Maybe a stupid converter question?

Discussion in 'Power - Site Power/Batteries/Generators/Solar' started by sjrider, Dec 30, 2019.

  1. GreyFox

    GreyFox Well-Known Member

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    Your Jayco's "power station" is a converter but if the most you see is 13.6 vdc when charging the battery then it's not working "just fine" as the battery will want to see an initial bulk charge of 14.4 volts (14.8 volts for Trojan batteries) before it ramps back down to 13.6 volts and eventually 13.2 volts.

    I've owned several trailers with one variety or another of WFCO converter and in each case that poor WFCO would never bulk charge properly. In our most recent trailer I simply turned off the WFCO and instead used a stand alone CTEK charger that would properly bulk charge the battery.
     
  2. rabird

    rabird Howdy!

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    As you know your power center is more than a converter, disconnect the internal converter and keep the distribution both ac and dc.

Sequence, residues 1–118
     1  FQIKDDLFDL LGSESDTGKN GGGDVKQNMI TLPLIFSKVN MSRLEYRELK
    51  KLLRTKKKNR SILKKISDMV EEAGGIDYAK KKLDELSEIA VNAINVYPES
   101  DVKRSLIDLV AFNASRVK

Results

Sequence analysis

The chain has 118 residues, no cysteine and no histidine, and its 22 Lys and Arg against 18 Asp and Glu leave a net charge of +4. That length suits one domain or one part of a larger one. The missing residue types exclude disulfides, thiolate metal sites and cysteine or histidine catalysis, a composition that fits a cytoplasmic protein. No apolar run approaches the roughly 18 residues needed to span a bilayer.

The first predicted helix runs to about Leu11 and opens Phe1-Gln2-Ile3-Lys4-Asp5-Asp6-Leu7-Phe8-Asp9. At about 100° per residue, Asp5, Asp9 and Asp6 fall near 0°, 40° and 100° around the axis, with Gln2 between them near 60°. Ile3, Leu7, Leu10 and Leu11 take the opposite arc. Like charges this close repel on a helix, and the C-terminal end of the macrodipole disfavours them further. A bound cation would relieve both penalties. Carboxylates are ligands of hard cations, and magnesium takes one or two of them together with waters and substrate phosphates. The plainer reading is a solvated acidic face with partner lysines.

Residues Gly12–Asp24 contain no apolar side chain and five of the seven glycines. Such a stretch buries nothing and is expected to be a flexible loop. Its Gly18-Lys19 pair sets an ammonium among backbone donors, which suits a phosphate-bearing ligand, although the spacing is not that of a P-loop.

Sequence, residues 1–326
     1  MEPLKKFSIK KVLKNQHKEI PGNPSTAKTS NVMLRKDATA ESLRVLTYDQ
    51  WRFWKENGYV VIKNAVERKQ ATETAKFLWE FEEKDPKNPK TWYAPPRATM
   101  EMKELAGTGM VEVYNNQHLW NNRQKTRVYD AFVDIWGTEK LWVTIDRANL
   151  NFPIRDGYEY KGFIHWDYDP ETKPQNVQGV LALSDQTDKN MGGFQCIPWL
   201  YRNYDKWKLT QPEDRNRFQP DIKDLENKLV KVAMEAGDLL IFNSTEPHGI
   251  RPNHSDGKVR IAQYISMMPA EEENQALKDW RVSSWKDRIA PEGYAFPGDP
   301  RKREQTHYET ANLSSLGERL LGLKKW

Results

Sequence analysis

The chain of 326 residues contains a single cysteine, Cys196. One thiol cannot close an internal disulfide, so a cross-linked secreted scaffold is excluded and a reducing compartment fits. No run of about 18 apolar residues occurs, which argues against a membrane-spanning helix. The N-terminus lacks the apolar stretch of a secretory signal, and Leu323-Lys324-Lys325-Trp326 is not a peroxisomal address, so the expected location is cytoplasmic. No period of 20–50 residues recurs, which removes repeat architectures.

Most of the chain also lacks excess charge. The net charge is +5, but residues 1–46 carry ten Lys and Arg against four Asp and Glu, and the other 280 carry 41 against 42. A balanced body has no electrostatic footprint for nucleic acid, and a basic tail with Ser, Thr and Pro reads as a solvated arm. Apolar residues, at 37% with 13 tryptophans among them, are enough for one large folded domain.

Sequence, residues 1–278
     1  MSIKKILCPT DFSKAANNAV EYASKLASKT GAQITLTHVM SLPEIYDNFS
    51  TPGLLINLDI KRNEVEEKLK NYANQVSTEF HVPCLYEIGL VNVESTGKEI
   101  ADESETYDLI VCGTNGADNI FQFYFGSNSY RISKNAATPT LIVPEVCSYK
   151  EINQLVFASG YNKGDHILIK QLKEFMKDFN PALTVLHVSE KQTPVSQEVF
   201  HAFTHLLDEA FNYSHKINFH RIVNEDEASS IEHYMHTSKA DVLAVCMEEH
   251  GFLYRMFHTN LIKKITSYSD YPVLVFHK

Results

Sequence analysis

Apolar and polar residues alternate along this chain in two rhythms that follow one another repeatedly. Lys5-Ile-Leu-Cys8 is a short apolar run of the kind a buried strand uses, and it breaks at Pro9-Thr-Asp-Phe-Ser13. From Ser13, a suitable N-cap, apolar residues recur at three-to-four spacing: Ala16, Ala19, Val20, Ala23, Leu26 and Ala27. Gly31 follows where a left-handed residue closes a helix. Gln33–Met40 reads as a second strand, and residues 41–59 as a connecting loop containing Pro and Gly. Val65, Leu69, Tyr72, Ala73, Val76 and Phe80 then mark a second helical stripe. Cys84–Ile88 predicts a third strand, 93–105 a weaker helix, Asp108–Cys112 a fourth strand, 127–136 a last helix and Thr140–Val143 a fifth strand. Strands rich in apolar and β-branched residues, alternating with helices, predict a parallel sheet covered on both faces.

a smart charger will likely need to sense a battery to work, if you have a battery then simple use a smart charger when utility power is available. You could get a stand alone PD converter with wizard.

    many smart chargers available at local big boxes https://www.baccusglobal.com/
     
  3. SteveP

    SteveP Well-Known Member

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    What is your priority, to power your 12 volt accessories while camping with shore power or to charge and maintain a battery bank for off grid camping?
     
  4. sjrider

    sjrider New Member

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    My wife and I cannot do the hotel thing. We need to travel 13 hours north to our cabin in Pennsylvania. We are going to use the pup for the 1 or 2 nights on the way there, and other camping events as we may desire. I have a larger charger that I would like to leave at home. This battery will only be used to power the water pump and sirius radio boom box with led lights as needed.
     
  5. SteveP

    SteveP Well-Known Member